less, but mayhap more merry than her wont was, and was blithe with
all, both old and young.

But as they were at the point of going she called to them, and said:

"Tarry a little, come ye all to the dais and hearken to me."

So they all gathered thereto, and she stood in her place and spake.

"Women and elders of the Wolfings, is it so that I spake somewhat of
tidings last night?"

"Yea," said they all.

She said, "And was it a word of victory?"

They answered "yea" again.

"Good is that," she said; "doubt ye not! there is nought to unsay.
But hearken! I am nothing wise in war like Thiodolf or Otter of the
Laxings, or as Heriulf the Ancient was, though he was nought so wise
as they be. Nevertheless ye shall do well to take me for your
captain, while this House is bare of warriors."

"Yea, yea," they said, "so will we."

And an old warrior, hight Sorli, who sat in his chair, no longer
quite way-worthy, said:

"Hall-Sun, this we looked for of thee; since thy wisdom is not wholly
the wisdom of a spae-wife, but rather is of the children of warriors:
and we know thine heart to be high and proud, and that thy death
seemeth to thee a small matter beside the life of the Wolfing House."

Then she smiled and said, "Will ye all do my bidding?"

And they all cried out heartily, "Yea, Hall-Sun, that will we."

She said: "Hearken then; ye all know that east of Mirkwood-water,
when ye come to the tofts of the Bearings, and their Great Roof, the
thicket behind them is close, but that there is a wide way cut
through it; and often have I gone there: if ye go by that way, in a
while ye come to the thicket's end and to bare places where the rocks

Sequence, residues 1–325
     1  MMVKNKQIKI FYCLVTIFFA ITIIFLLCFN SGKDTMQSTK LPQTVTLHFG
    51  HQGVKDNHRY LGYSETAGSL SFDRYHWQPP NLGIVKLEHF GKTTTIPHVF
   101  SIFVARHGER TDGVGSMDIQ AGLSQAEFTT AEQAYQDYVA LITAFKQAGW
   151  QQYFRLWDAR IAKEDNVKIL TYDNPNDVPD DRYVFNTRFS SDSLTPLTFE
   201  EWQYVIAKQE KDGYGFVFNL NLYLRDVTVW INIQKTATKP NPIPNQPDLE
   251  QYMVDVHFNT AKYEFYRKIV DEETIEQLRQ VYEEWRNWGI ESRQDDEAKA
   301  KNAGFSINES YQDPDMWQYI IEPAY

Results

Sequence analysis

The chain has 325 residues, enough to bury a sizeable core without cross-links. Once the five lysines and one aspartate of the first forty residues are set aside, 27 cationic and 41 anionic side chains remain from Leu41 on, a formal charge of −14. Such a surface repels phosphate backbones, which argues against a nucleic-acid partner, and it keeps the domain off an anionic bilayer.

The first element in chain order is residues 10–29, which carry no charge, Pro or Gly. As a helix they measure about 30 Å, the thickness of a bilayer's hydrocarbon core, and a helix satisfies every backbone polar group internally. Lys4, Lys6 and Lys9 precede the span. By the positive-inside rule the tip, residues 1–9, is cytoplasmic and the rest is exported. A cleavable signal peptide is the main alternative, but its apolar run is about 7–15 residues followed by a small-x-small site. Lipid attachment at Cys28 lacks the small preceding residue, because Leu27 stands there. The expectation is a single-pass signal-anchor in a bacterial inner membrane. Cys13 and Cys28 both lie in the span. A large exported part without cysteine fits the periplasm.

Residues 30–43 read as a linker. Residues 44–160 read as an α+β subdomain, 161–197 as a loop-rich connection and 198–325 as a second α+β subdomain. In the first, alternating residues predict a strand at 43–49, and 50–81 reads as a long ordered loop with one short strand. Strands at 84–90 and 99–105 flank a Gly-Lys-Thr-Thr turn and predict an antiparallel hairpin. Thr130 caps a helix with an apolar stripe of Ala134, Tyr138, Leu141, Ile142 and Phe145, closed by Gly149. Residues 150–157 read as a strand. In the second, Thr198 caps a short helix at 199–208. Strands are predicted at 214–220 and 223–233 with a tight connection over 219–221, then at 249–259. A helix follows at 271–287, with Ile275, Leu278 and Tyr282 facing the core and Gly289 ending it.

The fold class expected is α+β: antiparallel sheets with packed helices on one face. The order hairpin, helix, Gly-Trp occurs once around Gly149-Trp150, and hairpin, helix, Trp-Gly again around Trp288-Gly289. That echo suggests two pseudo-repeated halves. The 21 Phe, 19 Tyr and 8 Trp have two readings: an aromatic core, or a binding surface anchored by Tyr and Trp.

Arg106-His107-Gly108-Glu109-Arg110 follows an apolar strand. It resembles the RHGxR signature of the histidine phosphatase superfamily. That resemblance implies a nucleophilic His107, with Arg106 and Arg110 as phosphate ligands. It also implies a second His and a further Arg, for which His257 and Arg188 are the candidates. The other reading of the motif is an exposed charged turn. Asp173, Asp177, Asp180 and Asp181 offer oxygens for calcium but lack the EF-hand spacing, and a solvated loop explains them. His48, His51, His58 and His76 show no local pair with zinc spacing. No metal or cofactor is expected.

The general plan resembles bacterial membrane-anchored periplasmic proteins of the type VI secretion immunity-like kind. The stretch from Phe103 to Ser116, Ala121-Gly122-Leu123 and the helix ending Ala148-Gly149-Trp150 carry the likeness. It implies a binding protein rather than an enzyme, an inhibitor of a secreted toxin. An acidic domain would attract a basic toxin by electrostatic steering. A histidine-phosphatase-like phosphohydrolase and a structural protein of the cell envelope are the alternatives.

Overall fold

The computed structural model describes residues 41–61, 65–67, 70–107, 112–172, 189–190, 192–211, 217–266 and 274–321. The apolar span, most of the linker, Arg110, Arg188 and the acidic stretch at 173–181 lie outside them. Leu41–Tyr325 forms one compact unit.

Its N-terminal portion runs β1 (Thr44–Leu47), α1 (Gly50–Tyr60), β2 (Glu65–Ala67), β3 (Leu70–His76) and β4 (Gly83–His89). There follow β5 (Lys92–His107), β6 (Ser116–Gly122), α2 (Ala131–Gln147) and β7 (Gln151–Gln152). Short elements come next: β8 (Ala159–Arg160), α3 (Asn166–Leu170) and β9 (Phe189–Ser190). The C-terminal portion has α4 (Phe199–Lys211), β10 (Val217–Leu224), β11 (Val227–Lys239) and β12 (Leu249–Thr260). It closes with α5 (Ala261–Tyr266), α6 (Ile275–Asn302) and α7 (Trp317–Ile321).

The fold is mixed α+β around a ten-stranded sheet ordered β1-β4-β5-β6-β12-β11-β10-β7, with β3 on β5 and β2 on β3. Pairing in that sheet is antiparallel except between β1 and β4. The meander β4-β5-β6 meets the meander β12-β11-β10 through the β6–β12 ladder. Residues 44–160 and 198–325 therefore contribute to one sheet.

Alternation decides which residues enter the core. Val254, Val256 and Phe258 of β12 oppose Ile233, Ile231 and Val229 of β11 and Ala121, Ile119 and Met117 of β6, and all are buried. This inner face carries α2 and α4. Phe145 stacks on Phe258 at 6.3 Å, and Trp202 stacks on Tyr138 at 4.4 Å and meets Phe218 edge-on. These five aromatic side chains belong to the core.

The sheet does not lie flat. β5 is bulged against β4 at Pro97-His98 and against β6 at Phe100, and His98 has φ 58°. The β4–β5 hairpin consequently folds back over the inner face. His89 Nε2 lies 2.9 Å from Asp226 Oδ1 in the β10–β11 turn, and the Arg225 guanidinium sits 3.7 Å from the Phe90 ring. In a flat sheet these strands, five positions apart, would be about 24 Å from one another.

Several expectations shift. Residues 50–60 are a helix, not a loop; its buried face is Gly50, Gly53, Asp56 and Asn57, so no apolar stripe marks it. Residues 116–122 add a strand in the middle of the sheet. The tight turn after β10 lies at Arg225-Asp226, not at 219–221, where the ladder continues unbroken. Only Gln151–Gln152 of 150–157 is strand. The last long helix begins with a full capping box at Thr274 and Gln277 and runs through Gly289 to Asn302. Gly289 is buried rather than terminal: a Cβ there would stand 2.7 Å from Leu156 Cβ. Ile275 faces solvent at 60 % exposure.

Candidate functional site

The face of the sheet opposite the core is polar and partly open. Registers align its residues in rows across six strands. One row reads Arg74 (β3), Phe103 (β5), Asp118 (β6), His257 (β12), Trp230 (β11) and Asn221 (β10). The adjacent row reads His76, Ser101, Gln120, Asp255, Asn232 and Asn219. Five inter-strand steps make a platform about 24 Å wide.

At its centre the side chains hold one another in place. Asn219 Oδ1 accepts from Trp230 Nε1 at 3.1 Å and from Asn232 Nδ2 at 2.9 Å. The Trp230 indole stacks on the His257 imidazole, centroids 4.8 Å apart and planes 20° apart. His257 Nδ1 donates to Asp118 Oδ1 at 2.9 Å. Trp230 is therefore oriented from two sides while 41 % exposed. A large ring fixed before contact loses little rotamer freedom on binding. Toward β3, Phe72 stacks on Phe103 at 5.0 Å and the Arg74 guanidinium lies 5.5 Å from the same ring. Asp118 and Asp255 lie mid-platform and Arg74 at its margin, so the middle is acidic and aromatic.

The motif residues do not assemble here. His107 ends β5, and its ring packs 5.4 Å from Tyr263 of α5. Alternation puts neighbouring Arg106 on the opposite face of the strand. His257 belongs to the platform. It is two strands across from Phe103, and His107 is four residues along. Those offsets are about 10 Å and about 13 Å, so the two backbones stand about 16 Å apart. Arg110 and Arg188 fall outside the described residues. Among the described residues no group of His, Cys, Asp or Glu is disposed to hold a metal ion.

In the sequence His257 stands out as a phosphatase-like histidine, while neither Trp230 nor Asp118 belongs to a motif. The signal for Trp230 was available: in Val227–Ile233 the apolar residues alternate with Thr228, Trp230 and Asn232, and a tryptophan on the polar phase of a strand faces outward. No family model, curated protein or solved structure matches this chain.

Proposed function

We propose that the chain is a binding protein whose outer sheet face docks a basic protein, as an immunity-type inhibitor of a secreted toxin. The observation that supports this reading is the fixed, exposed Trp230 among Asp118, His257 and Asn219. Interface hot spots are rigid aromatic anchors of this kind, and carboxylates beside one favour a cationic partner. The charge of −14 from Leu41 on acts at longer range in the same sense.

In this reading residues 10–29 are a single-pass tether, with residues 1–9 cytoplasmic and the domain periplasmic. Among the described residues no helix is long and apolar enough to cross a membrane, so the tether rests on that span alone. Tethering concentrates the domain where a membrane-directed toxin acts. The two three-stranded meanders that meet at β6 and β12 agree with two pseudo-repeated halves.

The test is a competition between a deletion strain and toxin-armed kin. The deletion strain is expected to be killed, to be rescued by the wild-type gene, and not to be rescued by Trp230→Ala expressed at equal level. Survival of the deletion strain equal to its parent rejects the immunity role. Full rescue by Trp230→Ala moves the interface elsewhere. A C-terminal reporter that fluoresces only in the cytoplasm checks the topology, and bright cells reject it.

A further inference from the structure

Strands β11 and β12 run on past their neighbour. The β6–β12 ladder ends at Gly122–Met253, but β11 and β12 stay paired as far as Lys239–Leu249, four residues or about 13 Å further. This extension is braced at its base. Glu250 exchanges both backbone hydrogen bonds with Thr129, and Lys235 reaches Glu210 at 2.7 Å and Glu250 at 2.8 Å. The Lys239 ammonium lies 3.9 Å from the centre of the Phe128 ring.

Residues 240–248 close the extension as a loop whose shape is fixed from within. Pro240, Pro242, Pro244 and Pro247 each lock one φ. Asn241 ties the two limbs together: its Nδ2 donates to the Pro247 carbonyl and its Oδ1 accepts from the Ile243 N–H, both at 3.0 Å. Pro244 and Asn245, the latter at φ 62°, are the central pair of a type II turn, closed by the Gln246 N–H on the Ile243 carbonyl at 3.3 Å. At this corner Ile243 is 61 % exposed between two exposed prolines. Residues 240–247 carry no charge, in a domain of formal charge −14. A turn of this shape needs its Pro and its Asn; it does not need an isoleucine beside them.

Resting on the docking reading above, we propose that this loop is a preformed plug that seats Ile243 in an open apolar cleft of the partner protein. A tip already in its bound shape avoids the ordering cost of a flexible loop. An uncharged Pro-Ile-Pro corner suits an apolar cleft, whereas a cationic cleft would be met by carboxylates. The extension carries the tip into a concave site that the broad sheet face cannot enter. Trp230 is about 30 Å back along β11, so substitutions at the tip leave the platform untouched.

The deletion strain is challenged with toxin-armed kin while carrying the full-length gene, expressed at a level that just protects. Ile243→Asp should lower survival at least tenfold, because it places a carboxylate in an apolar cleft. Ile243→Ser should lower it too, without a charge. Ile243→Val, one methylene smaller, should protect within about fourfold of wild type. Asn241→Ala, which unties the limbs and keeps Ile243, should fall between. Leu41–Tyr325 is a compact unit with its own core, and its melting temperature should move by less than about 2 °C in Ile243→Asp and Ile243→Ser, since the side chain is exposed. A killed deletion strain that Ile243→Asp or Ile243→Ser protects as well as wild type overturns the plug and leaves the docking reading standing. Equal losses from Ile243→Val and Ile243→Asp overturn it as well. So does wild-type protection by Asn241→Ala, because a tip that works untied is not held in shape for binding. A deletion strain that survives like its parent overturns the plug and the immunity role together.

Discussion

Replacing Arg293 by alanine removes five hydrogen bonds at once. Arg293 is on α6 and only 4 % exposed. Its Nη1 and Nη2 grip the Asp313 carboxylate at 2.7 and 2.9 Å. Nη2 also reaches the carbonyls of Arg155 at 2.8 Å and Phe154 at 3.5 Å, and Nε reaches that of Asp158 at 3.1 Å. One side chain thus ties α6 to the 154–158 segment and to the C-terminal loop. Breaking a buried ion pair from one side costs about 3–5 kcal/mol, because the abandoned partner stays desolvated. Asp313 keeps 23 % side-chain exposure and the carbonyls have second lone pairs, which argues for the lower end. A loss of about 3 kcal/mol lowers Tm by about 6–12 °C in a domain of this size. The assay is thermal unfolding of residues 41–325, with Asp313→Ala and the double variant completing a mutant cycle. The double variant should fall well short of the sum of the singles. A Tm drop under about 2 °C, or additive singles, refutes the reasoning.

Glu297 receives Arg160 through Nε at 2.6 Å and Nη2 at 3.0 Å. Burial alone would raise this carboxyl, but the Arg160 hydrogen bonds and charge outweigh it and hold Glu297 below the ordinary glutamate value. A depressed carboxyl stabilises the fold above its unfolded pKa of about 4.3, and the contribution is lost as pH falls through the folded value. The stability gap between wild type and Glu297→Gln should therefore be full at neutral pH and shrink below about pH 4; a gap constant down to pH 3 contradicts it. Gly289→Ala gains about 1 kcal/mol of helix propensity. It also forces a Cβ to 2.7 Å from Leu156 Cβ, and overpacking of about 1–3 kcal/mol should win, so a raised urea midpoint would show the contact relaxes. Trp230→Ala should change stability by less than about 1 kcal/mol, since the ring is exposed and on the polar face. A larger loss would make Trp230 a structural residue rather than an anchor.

crop up through the gravel and the woodland loam. There breed the
coneys without number; and wild-cats haunt the place for that sake,
and foxes; and the wood-wolf walketh there in summer-tide, and hard
by the she-wolf hath her litter of whelps, and all these have enough;
and the bald-head erne hangeth over it and the kite, and also the
kestril, for shrews and mice abound there. Of these things there is
none that feareth me, and none that maketh me afraid. Beyond this
place for a long way the wood is nowise thick, for first grow ash-
trees about the clefts of the rock and also quicken-trees, but not
many of either; and here and there a hazel brake easy to thrust
through; then comes a space of oak-trees scattered about the lovely
wood-lawn, and then at last the beech-wood close above but clear
beneath. This I know well, because I myself have gone so far and
further; and by this easy way have I gone so far to the south, that I
have come out into the fell country, and seen afar off the snowy
mountains beyond the Great Water.

"Now fear ye not, but pluck up a heart! For either I have seen it or
dreamed it, or thought it, that by this road easy to wend the Romans
should come into the Mark. For shall not those dastards and traitors
that wear the raiment and bodies of the Goths over the hearts and the
lives of foemen, tell them hereof? And will they not have heard of
our Thiodolf, and this my holy namesake?

"Will they not therefore be saying to themselves, 'Go to now, why
should we wrench the hinges off the door with plenteous labour, when
another door to the same chamber standeth open before us? This House
of the Wolfings is the door to the treasure chamber of the Markmen;
let us fall on that at once rather than have many battles for other